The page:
Netflix and… Sick? will use Netflix-style algorithms to study tumor growth and plan cancer treatment | The Weather Channel – Articles from The Weather Channel

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An international team of researchers from University College London (UCL) in the United Kingdom and the University of California, San Diego (UC San Diego) in the United States has developed a Netflix-like algorithm that could one day allow doctors to review a patient’s fully sequenced tumor status and personalize their treatment, the Independent reported.

A typical Netflix algorithm analyzes data on how often a type of program or movie is watched, and whether or not it is liked. Based on the data, new movies and TV series are recommended next time.

The study, published in the journal Nature, showed that the algorithm deploys artificial intelligence (AI) to track DNA changes from the onset of cancer through its progression. The team believe that knowing about the genetic traits the tumor acquires as it grows will help doctors understand how a cancer is likely to behave.

“Just as Netflix can predict which shows you choose to watch next, we believe we will be able to predict the likely behavior of your cancer, based on the changes its genome has already undergone,” said Dr Ludmil Alexandrov, UC San Diego was quoted as saying.

“With this information, we believe doctors will be able to offer better and more personalized cancer treatment in the future,” he added.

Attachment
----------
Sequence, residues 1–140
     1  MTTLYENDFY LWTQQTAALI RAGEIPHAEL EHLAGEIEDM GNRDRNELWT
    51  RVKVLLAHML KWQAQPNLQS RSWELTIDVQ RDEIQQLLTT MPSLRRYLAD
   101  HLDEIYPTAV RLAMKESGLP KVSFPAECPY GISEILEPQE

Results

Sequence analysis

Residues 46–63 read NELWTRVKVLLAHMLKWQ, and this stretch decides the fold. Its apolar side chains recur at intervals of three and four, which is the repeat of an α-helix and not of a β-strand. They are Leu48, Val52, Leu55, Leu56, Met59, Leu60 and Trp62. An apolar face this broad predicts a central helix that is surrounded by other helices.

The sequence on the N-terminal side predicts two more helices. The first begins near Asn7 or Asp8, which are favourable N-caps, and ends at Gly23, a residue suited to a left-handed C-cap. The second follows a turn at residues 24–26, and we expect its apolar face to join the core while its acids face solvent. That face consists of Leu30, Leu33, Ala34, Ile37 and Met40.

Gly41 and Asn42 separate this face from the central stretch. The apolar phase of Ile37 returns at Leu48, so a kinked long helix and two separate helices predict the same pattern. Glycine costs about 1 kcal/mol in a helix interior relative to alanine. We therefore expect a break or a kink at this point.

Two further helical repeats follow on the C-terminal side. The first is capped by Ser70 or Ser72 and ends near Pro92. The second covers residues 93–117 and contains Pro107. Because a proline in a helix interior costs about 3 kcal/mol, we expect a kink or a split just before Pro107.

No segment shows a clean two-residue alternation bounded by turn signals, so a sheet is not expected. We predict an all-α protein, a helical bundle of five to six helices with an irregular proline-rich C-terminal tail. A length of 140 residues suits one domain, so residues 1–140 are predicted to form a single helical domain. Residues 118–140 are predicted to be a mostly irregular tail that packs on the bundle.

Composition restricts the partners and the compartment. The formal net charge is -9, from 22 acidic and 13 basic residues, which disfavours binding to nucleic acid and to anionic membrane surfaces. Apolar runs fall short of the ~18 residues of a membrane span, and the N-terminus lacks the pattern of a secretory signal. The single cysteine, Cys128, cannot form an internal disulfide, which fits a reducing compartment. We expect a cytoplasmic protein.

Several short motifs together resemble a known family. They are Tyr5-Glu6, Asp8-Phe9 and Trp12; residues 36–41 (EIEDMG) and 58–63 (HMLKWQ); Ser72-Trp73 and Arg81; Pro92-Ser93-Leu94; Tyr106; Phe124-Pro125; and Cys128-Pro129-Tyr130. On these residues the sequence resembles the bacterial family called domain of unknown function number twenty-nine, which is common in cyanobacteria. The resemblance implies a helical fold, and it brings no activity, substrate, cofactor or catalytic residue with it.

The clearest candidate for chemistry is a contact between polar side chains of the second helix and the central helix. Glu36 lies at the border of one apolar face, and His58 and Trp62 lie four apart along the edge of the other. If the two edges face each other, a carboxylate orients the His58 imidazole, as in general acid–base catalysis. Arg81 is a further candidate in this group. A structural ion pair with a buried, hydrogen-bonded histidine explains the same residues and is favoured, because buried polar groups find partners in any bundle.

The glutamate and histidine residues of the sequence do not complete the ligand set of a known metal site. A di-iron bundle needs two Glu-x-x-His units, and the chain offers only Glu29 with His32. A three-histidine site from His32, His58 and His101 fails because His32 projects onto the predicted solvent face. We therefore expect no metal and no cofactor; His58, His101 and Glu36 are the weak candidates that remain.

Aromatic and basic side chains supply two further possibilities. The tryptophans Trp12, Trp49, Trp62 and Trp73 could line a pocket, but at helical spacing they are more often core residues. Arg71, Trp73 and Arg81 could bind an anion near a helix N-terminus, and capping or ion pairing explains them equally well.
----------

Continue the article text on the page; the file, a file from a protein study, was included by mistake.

The new algorithm can sift through thousands of lines of genomic data and identify common patterns in the way chromosomes organize and arrange themselves. It can then categorize patterns that emerge and help scientists establish the types of defects that can occur in cancer, the team explained.

The scientists found 21 common defects by using the algorithm to search for patterns in the fully sequenced genomes of 9,873 people with 33 distinct forms of cancer. These will now be used to develop a blueprint that scientists can use to predict the aggressiveness of cancer, identify its weak spots and develop new treatments for it.

Of the 21 signatures identified by the algorithm, the scientists found that tumors where chromosomes broke and reformed were associated with the worst survival outcomes.

“To stay ahead of cancer, we need to anticipate how it adapts and changes. Dr Nischalan Pillay from UCL.


The above article was published by a news agency with minimal changes to the title and text.

Sharon D. Cole